I HAVE VISITED ST THOMAS Mount in Chennai twice so far. The two visits were separated by at least a quarter of a century. Amongst the many interesting things to see and experience on this sacred hill are some examples of Armenian script. This characteristic lettering can be found both on several tombstones and on some framed paintings of saints. Also, there is some Armenian writing inscribed on an ornate pulpit.
The church on the Mount is dedicated to Our Lady of Expectation. There are several sculptures of the pregnant Mary in or near the church, which was constructed close to the spot where St Thomas (the doubter) is supposed to have died. The church was constructed by Portuguese Franciscan missionaries in the 1520s. None of this information provides any clues to the presence of the Armenian lettering.
Armenians began setting in Madras in significant numbers in the mid-17th century. There is an Armenian Street in Chennai, where one can find an Armenian church. This was built in 1712. The two funerary monuments I saw on the Mount are dated after 1712: 1739 and 1764. The paintings with Armenian script are far newer. I am no expert on Armenia, so can say little if anything about their religious practices. Many Armenians are Christians, and a few of them are of the Catholic variety. I can only assume that the graves on the Mount are those of Catholic Armenians, and that some Catholic Armenian donor provided the paintings.
If anyone can give me more information about the presence of Armenian script in this church on the Mount, please share it with me.
THE NATURAL HISTORY MUSEUM in London’s South Kensington district was constructed between 1873 and 1881. It was designed by the prolific Victorian architect Alfred Waterhouse (1830-1905). Almost hidden away but close to Oxford Street, there stands another distinctive building designed by Waterhouse. Dome decorative brickwork on the east side of the structure proclaims that it was built as:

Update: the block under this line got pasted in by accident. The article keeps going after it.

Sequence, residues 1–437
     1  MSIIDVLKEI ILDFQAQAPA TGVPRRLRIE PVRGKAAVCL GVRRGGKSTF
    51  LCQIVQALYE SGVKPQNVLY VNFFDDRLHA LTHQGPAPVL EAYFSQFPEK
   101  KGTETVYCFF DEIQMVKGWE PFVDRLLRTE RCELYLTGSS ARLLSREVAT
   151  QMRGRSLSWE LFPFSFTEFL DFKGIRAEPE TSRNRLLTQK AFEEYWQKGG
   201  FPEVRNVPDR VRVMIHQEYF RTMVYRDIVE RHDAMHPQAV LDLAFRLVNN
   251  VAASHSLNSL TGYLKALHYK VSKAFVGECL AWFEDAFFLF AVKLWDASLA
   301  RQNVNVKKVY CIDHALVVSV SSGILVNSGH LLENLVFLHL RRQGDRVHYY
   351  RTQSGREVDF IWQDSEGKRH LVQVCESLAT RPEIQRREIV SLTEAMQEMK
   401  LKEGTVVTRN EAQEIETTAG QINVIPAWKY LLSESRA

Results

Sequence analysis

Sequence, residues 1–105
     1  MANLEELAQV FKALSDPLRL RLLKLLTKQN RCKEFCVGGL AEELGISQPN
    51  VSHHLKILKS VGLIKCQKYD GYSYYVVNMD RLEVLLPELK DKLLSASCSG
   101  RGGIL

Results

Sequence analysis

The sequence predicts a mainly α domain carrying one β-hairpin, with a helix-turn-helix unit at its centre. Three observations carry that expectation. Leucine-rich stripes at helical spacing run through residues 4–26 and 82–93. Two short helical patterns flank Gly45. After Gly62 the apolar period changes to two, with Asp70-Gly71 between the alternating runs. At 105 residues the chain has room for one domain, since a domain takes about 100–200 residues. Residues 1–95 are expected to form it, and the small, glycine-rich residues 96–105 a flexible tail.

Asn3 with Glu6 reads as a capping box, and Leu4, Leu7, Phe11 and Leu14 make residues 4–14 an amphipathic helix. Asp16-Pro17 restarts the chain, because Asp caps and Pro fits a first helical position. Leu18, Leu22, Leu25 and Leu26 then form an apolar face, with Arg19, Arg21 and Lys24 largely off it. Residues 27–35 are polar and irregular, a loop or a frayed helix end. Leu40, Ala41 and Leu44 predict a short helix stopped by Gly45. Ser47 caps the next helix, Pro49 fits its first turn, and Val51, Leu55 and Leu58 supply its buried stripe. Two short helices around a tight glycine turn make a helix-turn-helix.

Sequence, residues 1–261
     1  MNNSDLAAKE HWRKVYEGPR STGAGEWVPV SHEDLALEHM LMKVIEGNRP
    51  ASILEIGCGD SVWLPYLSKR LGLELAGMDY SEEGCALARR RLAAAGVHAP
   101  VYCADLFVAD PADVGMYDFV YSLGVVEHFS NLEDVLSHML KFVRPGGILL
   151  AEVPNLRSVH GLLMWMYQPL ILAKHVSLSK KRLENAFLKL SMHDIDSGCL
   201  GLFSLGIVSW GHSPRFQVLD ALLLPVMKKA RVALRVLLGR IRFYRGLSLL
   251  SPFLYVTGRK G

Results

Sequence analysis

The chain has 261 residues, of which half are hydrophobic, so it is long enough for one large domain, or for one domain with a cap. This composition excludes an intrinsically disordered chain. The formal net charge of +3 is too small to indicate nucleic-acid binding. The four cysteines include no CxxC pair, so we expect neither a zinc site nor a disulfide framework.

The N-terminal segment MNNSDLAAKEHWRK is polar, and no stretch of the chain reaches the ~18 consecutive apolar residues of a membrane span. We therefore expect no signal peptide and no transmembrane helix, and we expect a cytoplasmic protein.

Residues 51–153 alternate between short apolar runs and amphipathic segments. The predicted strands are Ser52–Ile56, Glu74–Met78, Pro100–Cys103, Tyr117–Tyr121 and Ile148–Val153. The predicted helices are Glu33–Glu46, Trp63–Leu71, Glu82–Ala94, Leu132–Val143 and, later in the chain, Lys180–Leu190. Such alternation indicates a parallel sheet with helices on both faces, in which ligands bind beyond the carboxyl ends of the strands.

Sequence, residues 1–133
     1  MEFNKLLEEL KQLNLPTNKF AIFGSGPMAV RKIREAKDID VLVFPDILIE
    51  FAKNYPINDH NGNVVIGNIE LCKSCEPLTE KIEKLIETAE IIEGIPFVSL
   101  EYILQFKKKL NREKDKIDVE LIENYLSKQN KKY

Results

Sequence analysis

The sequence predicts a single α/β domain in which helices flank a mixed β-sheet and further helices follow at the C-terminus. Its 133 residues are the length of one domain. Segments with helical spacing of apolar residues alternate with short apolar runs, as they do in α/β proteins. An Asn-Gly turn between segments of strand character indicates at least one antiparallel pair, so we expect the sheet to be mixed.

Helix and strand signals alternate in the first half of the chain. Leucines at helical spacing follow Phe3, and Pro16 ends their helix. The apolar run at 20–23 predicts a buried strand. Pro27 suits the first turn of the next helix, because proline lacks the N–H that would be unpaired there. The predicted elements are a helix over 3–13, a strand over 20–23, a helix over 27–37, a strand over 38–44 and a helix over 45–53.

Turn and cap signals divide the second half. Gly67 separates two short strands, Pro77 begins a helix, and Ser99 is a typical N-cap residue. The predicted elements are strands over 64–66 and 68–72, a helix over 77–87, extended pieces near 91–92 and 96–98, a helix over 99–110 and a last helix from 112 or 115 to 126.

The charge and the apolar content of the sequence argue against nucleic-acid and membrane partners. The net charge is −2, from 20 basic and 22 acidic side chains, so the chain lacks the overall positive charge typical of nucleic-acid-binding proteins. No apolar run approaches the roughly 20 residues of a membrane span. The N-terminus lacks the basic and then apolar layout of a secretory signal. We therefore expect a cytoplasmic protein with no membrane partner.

“Kings Weigh House Chapel”, and:“These buildings were erected in the year 1891 for the worship and service of God”.
The complex of buildings on Duke Street faces the northeast corner of Brown Hart Gardens. They were designed to include a chapel and a Sunday school as well as other offices. The chapel derives its name from a former dissenters’ chapel that used to stand above the Kings Weigh House in Eastcheap. It was formed in about 1685 (https://en.wikipedia.org/wiki/King%27s_Weigh_House). In 1834, the site of the church was moved to larger premises at Fish Street, near London Bridge. Where it used to stand there is now an entrance to Monument Underground station. In 1882, the Fish Street site was compulsorily purchased bt the Metropolitan Railway. The Duke of Westminster offered the congregation a site on Robert Street (now Weigh House Street) and funds to construct yet another chapel (https://victorianweb.org/art/architecture/waterhouse/3.html). The church accepted his offer and their chapel designed by Waterhouse is what you can see today.
I have only seen the chapel’s decorative exterior with some Romanesque features, which were achieved using brickwork and contrasting whitish masonry, but have not yet entered it. However, I have seen pictures of its interior, which show that it is quite interesting. Apart from the impressive tower on the southwest corner of the church, I was struck by the oval structure that forms the bulk of the building. This houses the main place where the congregation worships. With the long axis of the oval running east to west, the oval ‘nave’ is surrounded above by an oval gallery with several rows of tiered benches (www.british-history.ac.uk/survey-london/vol40/pt2/plate-23). I have not seen many oval churches like this but did see one in Edinburgh (Scotland), the neo-classical style St Andrew’s and St George’s West Church. In this case the long axis of the oval also runs east to west.
The chapel was bombed during a communion service in 1940 in October 1940, when two people were killed and the chancel was damaged. During most of WW2, the chapel was requisitioned as a fire watching centre, presumably because of its high tower, and also as a ‘rest centre’. After the war, the damage was repaired, and the church was rededicated in 1953. By1965, the congregation ceased using Waterhouse’s chapel. It was decided in 1966 to disband the church at the Duke Street site and sell it.